Fires across the West Coast of the United States, as well as in the Amazon. Hurricanes in the Atlantic. Flooding in the Sudan. These are just some of the events in 2020 that underscored the need for all of us to adopt a sustainability mindset. Even businesses. Especially businesses.

Such disasters, however, can feel too amorphous to tackle. And because they’re not directly related to the business—or at least not impacting the next quarter’s results—some leaders are delaying the urgent actions that are needed. But their shareholders aren’t accepting excuses. They know the situation is dire and are more rigorously examining companies’ business plans to make sure sustainability is on the agenda for 2021. Their scrutiny is warranted. Our analyses show we are on course to overshoot our carbon budget—the cumulative amount of CO2 emissions permitted to keep global average temperature increases less than 2°C (3.6˚F)—by as much as 200 percent by 2050.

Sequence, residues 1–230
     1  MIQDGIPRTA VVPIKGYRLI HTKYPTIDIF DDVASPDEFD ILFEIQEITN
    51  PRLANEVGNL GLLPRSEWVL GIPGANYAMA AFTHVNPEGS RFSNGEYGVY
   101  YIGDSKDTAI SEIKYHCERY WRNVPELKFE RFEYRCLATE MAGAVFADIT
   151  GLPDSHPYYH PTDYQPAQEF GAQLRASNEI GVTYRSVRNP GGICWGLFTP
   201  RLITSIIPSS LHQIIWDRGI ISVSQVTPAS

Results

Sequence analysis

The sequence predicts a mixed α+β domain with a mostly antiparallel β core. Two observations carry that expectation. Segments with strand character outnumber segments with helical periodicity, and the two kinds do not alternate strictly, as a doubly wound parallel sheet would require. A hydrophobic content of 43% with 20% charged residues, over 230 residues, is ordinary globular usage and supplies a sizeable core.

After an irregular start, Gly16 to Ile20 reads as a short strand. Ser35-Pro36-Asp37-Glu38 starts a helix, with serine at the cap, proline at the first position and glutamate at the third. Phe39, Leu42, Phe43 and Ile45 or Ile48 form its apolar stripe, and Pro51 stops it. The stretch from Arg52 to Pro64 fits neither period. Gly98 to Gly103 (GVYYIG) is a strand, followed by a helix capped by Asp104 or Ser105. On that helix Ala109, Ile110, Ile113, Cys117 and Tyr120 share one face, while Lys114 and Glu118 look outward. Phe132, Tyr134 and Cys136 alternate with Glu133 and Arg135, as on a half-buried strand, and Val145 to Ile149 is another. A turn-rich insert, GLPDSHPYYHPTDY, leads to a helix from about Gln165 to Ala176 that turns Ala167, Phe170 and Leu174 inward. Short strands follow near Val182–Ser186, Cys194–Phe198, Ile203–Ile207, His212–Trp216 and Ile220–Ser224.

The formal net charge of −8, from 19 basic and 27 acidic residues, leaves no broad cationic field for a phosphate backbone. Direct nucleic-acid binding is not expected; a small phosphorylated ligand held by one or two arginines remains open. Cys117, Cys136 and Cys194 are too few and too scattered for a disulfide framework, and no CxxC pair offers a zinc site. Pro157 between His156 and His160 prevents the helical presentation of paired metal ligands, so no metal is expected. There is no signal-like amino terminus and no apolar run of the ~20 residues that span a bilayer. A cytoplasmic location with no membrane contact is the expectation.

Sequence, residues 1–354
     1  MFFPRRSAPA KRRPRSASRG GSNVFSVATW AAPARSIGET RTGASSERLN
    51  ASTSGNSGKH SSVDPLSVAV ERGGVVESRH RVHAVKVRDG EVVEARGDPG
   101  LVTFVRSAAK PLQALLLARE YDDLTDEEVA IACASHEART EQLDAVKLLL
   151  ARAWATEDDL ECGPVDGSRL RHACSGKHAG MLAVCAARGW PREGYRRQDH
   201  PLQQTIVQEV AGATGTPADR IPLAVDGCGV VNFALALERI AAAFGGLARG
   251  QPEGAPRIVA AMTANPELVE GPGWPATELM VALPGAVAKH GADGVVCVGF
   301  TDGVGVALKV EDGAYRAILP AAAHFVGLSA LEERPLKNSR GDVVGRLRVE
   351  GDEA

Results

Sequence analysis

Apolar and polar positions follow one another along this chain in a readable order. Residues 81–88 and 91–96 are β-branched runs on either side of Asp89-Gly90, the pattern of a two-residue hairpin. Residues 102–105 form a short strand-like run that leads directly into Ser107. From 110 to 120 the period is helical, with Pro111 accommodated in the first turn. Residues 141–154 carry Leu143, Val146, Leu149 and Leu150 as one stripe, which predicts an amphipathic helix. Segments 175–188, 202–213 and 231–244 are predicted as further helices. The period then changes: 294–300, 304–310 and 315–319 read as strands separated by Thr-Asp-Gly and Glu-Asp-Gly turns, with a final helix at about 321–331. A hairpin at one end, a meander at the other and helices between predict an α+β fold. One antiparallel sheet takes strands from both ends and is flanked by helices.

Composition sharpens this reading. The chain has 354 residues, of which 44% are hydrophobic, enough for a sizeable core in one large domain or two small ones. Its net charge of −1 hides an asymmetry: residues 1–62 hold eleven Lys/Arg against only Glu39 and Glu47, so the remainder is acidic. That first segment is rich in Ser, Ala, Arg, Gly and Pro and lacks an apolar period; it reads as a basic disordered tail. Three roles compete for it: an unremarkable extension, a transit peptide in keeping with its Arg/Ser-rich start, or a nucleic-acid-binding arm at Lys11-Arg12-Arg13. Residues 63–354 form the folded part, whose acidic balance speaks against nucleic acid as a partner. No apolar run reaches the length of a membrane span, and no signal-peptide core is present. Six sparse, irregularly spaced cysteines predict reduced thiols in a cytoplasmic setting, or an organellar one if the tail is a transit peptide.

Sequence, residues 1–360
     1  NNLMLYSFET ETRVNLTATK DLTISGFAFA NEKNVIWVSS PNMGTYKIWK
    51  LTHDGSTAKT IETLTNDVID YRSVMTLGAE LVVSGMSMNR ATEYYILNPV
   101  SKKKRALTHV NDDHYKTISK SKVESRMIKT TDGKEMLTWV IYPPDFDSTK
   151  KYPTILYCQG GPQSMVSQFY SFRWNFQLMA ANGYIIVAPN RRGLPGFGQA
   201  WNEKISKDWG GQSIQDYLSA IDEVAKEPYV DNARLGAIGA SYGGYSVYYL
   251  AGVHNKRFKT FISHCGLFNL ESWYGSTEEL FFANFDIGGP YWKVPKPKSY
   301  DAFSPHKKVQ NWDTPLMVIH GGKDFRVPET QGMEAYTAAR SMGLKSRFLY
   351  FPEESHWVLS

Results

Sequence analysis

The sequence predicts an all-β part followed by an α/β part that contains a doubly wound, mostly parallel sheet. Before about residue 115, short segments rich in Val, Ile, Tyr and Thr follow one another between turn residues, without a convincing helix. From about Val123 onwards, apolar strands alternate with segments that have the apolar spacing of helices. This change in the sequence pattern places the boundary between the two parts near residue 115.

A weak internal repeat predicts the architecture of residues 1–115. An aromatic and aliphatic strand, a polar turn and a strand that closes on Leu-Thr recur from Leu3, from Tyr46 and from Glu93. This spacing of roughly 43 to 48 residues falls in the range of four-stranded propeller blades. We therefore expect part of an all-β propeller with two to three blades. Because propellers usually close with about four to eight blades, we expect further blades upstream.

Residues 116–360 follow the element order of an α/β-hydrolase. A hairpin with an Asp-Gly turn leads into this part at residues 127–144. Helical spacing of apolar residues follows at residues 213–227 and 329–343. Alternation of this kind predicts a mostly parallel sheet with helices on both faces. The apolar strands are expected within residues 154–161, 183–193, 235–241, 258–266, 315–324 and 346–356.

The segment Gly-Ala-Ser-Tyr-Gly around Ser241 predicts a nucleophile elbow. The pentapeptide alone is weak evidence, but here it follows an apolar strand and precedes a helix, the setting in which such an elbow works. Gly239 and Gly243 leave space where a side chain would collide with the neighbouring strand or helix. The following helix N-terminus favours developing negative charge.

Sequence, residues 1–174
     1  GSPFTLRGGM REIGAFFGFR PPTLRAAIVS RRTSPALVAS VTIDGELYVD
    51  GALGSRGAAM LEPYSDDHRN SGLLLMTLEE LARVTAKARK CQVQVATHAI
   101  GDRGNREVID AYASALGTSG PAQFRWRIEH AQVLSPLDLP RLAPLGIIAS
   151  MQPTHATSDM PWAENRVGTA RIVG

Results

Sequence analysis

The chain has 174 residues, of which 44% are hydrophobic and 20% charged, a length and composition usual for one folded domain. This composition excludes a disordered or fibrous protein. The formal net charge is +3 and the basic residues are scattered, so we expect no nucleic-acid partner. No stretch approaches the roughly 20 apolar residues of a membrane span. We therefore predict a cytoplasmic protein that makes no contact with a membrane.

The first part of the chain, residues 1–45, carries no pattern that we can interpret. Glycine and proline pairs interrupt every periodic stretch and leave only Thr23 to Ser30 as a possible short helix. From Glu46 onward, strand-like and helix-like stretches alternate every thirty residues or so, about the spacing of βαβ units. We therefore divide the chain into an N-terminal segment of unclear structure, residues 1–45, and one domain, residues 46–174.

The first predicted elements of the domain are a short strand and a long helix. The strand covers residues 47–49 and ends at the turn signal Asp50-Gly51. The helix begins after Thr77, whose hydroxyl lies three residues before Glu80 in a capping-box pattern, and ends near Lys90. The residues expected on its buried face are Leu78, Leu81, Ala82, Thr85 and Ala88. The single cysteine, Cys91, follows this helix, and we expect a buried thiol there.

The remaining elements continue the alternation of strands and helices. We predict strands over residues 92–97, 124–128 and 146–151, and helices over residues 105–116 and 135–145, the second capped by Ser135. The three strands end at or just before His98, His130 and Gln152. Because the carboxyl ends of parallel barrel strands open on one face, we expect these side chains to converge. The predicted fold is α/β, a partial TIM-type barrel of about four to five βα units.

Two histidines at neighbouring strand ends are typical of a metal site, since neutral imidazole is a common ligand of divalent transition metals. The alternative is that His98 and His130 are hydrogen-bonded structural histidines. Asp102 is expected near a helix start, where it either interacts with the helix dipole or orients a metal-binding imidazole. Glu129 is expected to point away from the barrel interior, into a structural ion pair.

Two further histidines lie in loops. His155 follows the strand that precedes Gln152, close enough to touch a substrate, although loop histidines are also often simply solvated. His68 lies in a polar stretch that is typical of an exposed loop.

The good news is that most business leaders are stepping up. A recent Accenture study found 59 percent of CEOs say they are deploying low-carbon and renewable energy across their operations today. And 44 percent see a net-zero, carbon-neutral future for their company. Of those committed to climate action, two-thirds view technologies like cloud as critical enablers for accelerating change and making their commitments a reality.

Flipping the sustainability switch in energy

The oil and gas sector contributes 80 percent to global emissions. For that reason alone, it is understandable that people are asking oil and gas leaders, “what’s your plan for meeting your emissions targets?” We believe that plan should comprise three key steps: